I love the little dropped hints BTW. Was R600 supposed to be 65nm but early TSMC problems cause it revert to 80nm like was rumored? Was Cypress originally planned as ~1920 shaders (2000?) with a 384-bit bus? Would sideport have helped the scaling issues with Hemlock? I don't know these answers, but the fact all of these things were indirectly addressed (without upsetting AMD) is great to see explored, as it affirms my belief I'm not the only one interested in them. It's great to learn the informed why, not just the unsubstantiated what.

    If I may preemptively pose an inquiry, please ask whomever at AMD when NI is briefed if TSMC canceling their 32nm node and moving straight to 28nm had anything to do with redesigns of that chip. There are rumors it caused them to rethink what the largest chip should be, and perhaps revert back to what the original Cypress design (as hinted in this article?) for that chip, causing a delay from Q2-Q3 to Q3-Q4, not unlike the 30-45 day window you mention about redesigning Cypress. I wonder if NI was originally meant to be a straight shrink?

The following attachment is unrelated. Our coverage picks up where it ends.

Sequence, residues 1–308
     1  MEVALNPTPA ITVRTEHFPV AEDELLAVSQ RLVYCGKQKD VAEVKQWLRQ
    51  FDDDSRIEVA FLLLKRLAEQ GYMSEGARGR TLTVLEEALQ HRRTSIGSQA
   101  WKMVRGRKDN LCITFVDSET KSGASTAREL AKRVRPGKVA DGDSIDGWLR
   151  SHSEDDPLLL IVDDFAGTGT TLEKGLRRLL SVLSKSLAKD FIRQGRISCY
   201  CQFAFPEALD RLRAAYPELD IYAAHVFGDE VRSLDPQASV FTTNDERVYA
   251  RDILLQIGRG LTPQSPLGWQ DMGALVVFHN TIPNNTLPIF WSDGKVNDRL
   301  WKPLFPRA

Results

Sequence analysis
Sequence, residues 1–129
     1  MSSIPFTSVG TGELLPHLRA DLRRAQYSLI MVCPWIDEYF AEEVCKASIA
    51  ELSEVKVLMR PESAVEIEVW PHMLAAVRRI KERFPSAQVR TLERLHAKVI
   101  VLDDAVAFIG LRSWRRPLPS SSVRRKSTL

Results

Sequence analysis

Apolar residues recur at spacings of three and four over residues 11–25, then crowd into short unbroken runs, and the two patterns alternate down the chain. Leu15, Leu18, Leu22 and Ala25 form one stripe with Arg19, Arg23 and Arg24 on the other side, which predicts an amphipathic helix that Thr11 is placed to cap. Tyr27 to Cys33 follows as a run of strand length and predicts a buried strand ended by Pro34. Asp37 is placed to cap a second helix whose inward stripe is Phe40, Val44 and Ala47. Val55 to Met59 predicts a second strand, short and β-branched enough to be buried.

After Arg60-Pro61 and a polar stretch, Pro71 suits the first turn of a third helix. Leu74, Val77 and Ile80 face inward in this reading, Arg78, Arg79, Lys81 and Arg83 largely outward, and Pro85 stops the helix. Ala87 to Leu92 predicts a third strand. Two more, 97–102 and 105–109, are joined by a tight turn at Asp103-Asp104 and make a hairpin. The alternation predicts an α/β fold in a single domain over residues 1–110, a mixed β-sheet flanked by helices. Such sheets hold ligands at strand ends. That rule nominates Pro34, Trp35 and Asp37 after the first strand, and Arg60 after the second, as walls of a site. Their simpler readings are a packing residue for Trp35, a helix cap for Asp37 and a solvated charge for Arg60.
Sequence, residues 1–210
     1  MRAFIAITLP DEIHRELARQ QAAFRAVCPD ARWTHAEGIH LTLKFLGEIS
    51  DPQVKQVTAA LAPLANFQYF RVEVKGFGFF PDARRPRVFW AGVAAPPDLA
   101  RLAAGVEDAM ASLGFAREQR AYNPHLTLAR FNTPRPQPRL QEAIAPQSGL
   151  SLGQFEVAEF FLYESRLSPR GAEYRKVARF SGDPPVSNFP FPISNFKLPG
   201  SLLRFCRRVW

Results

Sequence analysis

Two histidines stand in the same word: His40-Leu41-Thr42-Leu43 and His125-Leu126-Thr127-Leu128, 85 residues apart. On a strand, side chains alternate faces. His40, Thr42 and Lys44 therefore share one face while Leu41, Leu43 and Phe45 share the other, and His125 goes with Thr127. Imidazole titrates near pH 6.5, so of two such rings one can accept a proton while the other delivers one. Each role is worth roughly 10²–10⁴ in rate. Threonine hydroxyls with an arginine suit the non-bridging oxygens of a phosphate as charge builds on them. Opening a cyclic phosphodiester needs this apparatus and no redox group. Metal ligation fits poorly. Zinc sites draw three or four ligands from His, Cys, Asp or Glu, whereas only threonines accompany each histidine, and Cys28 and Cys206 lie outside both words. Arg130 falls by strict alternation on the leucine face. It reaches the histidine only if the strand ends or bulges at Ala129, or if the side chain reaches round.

Reply
  • hwhacker - Sunday, February 14, 2010 - link

    I meant Carrell above. Not quite sure why I wrote Kendell. Reply